Corporate sustainability reporting is often incomplete and self-reported, making it difficult to verify. However, regulators are beginning to scrutinize sustainability claims.
Earlier this year, the U.S. Securities and Exchange Commission sanctioned a firm for alleged mis-statements about funds’ ESG reviews, and last month the Competition Bureau began investigating RBC for alleged misleading marketing related to the bank’s action on climate change.
Conor Chell, head of the ESG practice group with MLT Aikins LLP in Calgary, said regulators are becoming increasingly sensitive to the threat of greenwashing as they anticipate the advent of mandatory, standardized climate disclosures.
But until such rules take effect, Chell said individual investors are forced to detect greenwashing themselves.
At the moment, Chell said a lot of sustainability reports are more qualitative than quantitative, so investors should be wary of superlatives such as “cleanest,” “greenest” or “industry-leading.”
“Those words really trigger me to say, ‘Well, what are you basing that assessment on?’” he said.
Although investors are looking for improvement in sustainability scores year over year, it is currently difficult for investors to effectively measure performance over time because of the wide variety of reporting practices.
In the future, Chell said sustainability reporting will become more data-driven. As mandatory reporting is phased in, he said there will be a shift toward quantitative reporting based on data.
“I expect that qualitative reporting will persist, but instead of being geared towards pure storytelling, it will be more focused on providing context and explanation to the underlying quantitative data,” he said.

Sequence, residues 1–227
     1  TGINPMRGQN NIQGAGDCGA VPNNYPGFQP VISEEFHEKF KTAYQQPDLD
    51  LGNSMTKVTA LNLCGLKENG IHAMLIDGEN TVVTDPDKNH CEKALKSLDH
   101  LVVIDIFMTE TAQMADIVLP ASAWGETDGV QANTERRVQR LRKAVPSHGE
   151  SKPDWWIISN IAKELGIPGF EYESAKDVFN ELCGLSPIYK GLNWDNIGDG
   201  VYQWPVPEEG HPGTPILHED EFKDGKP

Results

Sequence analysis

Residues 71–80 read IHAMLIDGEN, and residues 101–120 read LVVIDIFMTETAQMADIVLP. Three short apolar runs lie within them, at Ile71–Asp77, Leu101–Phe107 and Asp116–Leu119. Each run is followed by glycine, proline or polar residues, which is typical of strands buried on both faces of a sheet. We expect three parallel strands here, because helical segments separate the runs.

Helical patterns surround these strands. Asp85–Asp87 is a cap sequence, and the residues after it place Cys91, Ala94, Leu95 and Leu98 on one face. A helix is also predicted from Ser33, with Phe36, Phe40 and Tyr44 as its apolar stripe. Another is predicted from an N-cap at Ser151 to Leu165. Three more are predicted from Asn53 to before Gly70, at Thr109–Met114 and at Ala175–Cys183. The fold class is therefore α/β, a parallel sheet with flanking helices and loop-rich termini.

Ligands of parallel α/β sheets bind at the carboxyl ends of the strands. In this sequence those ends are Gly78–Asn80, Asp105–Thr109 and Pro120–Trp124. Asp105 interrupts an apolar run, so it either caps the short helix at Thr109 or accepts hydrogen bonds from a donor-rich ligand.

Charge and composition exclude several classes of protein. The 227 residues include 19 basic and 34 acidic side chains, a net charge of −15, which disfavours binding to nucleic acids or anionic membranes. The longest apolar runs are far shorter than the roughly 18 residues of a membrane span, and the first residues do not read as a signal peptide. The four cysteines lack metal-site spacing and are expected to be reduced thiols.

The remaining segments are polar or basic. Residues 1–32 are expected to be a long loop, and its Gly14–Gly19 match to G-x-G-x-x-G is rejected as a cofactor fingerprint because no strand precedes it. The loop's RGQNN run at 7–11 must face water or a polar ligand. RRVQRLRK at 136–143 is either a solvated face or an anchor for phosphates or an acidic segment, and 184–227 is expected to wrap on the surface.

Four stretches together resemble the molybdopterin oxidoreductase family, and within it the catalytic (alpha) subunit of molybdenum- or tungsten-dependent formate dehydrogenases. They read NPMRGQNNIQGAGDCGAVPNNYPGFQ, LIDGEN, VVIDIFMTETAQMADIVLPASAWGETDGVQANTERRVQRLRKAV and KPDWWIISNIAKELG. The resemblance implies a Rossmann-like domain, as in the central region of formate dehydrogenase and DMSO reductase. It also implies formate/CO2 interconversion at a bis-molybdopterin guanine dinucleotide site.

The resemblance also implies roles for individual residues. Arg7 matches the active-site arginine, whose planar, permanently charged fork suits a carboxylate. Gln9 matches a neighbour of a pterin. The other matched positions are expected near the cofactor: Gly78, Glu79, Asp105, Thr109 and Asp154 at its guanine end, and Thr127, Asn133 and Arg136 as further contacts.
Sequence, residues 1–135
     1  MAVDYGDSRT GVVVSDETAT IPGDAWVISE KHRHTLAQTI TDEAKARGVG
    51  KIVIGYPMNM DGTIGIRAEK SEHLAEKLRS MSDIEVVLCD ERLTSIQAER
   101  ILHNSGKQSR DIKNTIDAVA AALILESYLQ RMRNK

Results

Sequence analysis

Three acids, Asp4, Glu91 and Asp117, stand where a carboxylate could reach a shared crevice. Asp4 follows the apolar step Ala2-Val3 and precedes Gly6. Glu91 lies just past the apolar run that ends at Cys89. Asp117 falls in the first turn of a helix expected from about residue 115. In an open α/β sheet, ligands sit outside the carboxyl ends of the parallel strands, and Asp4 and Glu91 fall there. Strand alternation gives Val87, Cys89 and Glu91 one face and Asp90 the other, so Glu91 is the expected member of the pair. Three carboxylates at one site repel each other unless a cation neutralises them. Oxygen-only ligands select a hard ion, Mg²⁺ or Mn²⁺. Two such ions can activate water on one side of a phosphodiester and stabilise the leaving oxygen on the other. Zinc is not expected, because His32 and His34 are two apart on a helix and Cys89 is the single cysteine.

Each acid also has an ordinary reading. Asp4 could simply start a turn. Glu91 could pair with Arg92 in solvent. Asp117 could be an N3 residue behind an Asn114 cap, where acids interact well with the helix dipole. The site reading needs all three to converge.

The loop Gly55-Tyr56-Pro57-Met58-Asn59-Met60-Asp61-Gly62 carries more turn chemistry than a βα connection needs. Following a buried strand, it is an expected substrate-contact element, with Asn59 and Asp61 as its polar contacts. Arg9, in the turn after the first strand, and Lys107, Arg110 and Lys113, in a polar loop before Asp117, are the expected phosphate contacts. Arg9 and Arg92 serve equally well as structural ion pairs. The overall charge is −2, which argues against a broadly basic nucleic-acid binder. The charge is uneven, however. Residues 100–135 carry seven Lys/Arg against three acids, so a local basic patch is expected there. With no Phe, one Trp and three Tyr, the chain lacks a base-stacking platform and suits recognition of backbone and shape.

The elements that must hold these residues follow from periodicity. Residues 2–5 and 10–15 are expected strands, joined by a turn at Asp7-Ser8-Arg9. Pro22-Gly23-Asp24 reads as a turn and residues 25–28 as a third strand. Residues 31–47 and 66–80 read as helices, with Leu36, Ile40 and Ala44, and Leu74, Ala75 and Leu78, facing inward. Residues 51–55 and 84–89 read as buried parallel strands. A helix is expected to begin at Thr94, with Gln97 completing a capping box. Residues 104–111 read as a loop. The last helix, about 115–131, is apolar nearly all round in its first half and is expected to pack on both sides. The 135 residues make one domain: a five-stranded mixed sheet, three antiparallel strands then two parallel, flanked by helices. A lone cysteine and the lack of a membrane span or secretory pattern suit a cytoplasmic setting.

That said, once mandatory reporting comes into effect, it will still take time before investors are able to assess year-over-year performance given the lack of standardization in reporting requirements and approaches to date.
Tim Nash, founder of Good Investing, said that in the meantime investors need to examine a fund’s methodology. “Don’t go by the name or the ticker symbol,” he said.
One way to avoid greenwashed funds is to look at their top holdings, Nash said. For example, he said if RBC is in the top 10 holdings of a fund that is marketed as “sustainable,” that might cause an emotional reaction for some Canadians given the recent allegations, and they shouldn’t be afraid to ask why.
This provides an opportunity for advisors to show their value. “Navigating these complex issues is where an advisor can earn their keep,” Nash said. When a client red-flags a company, he said it actually gives an advisor insight into where the “line in the sand” is.
The ultimate goal for advisors is to build trust, Nash said, so first and foremost, he said to acknowledge the client’s concern. Next, ask questions about why it is a red flag. This helps an advisor understand where a client’s ethical concerns lie, which in turn can be used to ensure they are in the correct funds.
“It’s very valuable information,” he said. “Often times, it’s hard for clients to speak up about these issues. So creating a safe space for clients to have these reactions to certain companies inside their portfolio is a really healthy thing.”
Last month, the U.K.’s Financial Conduct Authority proposed anti-greenwashing rules that are currently out for comment, and the European Securities and Markets Authority announced it was stepping up its scrutiny of ESG disclosure.